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Ardvreck Castle Ruins Scotland

Scotland's Emotive Ruins

Often standing alone, defiant against time, these ruins are a powerful reminder
of the forces that shaped the Scottish nation.

BY RICHENDA MIERS

A ruin, by definition, implies tragedy and tragedies eat irreparably into the heart. Trying to decide on just a few of my favourites proved almost impossible, so, to avoid an infinite list without space for any detail, I selected eight which either have nostalgic memories or are close to places where I have lived or with which my family has tenuous connections...or a combination of the three.

Scotland has more than its share of ruins: ruins from war against foreign invaders, hostile clans or even neighbours; deliberate ruins, demolished by retreating owners to prevent them falling into enemy hands; ruins of dwellings neglected in favour of grander replacements built by parvenu arrivistes; and, most poignant of all, though less dramatic, clustered heaps of fallen walls where whole townships were abandoned, sometimes under duress during the Highland Clearances and sometimes voluntarily when even the barest subsistence had become impossible.

Castle Tioram was once the 13th-century seat of the Clanranald Macdonalds and a powerful Gaidhealtachd (Gaeldom) stronghold. It stands, ragged but proud, on a rocky peninsula jutting into Loch Moidart in Moidart, accessible only on foot at low tide. Splendidly awe-inspiring, it remains remarkably substantial despite frequent skirmishes with an alien Crown. Donald, the 13th chief, who died in 1685, was the last to live in it and by the time it was annexed and garrisoned by government troops in 1692, it was already crumbling. Allan, the 14th chief, with premonitions of approaching disaster for the Highlands, repossessed it in 1715 and ordered it to be torched to save it from reoccupation. Two months later he was killed at the Battle of Sheriffmuir. Today, a fresh battle engulfs Tioram, a battle of words and petty regulations. The present owner wishes to restore and reinhabit it, enthusiastically supported by the local community, but architectural heritage gurus, including the government agency Historic Scotland, decree that it must remain ruinous because, they say, it fits the landscape better as such -- an artistic ruin. If they don't see sense soon it will be too late; Tioram will be no more than rubble.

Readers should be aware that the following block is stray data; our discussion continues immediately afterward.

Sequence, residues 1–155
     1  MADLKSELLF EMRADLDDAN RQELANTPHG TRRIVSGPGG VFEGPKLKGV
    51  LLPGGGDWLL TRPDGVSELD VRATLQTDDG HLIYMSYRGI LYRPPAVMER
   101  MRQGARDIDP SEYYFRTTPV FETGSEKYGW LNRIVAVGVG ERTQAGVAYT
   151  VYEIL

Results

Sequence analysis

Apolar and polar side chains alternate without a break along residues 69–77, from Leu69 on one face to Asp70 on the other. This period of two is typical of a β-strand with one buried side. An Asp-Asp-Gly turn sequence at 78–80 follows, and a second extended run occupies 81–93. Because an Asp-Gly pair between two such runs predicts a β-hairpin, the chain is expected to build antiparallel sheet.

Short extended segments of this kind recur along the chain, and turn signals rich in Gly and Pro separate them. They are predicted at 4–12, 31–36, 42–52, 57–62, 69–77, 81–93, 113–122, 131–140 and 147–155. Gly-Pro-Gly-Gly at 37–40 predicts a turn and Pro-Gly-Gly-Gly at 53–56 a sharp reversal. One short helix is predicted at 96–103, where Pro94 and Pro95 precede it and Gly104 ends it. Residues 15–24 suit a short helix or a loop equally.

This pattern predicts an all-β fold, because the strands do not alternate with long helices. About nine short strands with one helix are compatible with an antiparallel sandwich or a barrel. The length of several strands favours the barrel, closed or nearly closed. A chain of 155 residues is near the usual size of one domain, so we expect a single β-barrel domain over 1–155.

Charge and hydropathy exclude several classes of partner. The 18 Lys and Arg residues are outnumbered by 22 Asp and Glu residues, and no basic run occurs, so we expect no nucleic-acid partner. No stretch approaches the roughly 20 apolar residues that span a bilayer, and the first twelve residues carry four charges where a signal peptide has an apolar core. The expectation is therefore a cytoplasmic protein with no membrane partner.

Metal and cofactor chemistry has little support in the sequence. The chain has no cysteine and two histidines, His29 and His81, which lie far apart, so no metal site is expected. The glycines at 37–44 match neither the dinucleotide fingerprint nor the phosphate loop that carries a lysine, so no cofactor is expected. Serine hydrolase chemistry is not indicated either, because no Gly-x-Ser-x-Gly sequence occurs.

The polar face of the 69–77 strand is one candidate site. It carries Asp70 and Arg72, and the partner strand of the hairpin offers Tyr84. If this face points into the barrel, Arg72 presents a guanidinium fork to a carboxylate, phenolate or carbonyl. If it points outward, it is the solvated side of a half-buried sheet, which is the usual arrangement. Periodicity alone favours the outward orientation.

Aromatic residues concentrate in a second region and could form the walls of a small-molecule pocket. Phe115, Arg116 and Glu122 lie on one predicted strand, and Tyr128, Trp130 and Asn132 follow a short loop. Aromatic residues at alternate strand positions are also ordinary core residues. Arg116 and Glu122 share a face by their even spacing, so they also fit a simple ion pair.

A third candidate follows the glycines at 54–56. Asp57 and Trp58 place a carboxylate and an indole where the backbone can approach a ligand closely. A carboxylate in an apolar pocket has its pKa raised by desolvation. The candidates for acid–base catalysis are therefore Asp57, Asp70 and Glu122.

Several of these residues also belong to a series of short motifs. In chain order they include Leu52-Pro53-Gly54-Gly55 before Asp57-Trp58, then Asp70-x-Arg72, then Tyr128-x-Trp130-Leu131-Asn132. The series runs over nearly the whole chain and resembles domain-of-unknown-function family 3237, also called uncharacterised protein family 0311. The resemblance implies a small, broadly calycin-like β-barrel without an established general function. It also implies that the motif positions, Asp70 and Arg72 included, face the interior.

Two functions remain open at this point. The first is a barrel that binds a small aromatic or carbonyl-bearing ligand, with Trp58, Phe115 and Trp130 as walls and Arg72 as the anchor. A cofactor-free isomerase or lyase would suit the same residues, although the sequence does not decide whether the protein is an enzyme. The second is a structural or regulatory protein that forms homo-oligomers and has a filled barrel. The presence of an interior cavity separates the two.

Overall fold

My introduction to Tioram was camping on the shore as a teenager, long before the Nanny State had invented "Danger Keep Out" notices. We were an innocent party, fiercely chaperoned by a formidable old lady who lived close by and kept an extremely close eye on us, insisting that the girls sleep in her barn. Our other sentinel was the local priest who came down to join our ceilidh on the beach and danced with us round our bonfire. Subsequent memories roll forward to the 1980s and a spit-roasted, candle-lit picnic supper in Tioram's upstairs banqueting hall, then still safe and accessible, to celebrate a gathering of Clanranald Macdonalds. Most of us had arrived by sea and I have photographs of everyone sitting round trestle tables in the dark, vaulted chamber, with a piper, plenty of bottles and happy, glowing faces.

The full text of this article is available in the Spring 2011 issue of Scottish Life.

Click here to preview our feature article on Gunsgreen House, A Smuggler's Lair, by Shan Ross.

Click here to preview our column on Scotch whisky by John Lamond.

Click here to preview our Notes From The Isles column by Kate Francis.

Photos: © Ian Paterson/Scottish Viewpoint